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I've spent the past few days researching whether its possible to use the Windows API (Preferably Windows 8) to develop an application that can utilize the features in a multiple physical monitor configuration, from a single physical monitor. As far as I can tell you simply cannot do it, or its just not documented at all. Below I will present my problem and the research I've under-taken in the hopes that someone can provide some knowledge I have not yet encountered.


The Problem

In Windows 7+ multi-monitor configurations are able to utilize some cool desktop features such as being able to use a single large desktop that spans multiple monitors, seamless application dragging between them, ability to toggle whether to have the taskbar span or not, etc.

The Virtual Screen (MSDN link). enter image description here

I would like to gain access to this API and allow my application to use it to allow the user to effectively have multiple virtual desktops from a single physical monitor. Simple as that.


The Solution

Here I will present a number of proposed solutions I have found, and why they will not work (As far as I can tell).

1. Use the Window Station & Desktop API to create entirely new desktops and flip between them.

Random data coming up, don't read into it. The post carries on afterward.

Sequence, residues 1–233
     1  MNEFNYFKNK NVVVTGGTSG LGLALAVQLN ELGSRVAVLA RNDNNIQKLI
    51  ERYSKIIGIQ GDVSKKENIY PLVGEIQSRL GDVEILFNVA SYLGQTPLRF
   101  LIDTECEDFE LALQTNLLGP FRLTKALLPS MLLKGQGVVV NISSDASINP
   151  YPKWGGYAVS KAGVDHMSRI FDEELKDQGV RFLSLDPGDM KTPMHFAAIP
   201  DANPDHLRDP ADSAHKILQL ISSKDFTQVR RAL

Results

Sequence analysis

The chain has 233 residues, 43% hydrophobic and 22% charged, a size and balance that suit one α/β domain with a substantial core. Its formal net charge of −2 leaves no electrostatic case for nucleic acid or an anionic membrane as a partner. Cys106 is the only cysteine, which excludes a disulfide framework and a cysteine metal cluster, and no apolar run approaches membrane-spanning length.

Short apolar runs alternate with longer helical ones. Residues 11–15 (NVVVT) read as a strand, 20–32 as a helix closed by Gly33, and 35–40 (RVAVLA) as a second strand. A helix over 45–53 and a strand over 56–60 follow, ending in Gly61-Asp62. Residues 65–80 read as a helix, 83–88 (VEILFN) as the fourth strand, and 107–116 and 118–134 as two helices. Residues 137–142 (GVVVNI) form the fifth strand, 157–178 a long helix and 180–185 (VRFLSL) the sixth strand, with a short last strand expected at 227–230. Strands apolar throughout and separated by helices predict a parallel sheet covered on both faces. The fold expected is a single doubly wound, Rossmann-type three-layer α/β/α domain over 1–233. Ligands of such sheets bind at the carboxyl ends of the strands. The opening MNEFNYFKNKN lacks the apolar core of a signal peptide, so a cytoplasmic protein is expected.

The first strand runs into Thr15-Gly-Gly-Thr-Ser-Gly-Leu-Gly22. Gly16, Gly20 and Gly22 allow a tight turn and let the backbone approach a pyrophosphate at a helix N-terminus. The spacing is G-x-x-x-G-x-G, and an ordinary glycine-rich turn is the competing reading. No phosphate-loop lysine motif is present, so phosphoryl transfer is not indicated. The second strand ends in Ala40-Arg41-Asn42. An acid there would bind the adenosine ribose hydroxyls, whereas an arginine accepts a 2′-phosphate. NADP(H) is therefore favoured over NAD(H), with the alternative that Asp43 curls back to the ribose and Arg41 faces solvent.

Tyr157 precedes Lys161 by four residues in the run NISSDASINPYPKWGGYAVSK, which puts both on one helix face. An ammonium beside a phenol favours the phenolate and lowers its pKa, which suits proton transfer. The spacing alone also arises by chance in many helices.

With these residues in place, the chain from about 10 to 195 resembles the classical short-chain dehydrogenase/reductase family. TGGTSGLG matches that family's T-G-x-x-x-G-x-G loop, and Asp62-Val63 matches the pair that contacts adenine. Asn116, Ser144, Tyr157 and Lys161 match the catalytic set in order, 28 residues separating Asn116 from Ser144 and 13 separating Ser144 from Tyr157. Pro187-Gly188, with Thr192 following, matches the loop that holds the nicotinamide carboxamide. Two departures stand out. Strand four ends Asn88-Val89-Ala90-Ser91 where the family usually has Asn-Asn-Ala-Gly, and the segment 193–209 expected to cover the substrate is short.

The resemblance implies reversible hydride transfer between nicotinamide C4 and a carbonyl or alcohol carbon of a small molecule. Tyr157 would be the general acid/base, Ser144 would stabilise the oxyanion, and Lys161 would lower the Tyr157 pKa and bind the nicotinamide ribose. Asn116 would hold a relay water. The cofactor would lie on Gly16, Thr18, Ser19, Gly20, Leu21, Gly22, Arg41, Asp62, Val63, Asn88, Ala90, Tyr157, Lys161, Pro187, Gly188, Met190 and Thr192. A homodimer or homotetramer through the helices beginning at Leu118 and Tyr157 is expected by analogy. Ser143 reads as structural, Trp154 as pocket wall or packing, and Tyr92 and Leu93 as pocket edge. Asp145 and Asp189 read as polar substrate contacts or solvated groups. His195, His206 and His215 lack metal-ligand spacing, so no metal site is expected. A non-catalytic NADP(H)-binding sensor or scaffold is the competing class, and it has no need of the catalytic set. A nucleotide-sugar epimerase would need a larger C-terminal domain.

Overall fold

"A window station is a securable object that is associated with a process, and contains a clipboard, an atom table, and one or more desktop objects. A desktop is a securable object contained within a window station. A desktop has a logical display surface and contains user interface objects such as windows, menus, and hooks." MSDN Link.

This is a really clean and simple way to effectively create multiple desktops in windows that allows the user to switch between on a single monitor. However it has the following large caveat:

"Windows doesn't provide a way to move a window from one desktop object to another, and because a separate Explorer process must run on each desktop to provide a taskbar and start menu, most tray applications are only visible on the first desktop." Sysinternals on TechNET.

2. Attempt to create a fake display driver to force Windows to believe it has more than one monitor.

This appears to have been a valid option for a couple of existing similar applications such as ZoneScreen. However in Windows 7 it became difficult to install the unsigned driver and in Windows 8 it appears to be flat out impossible.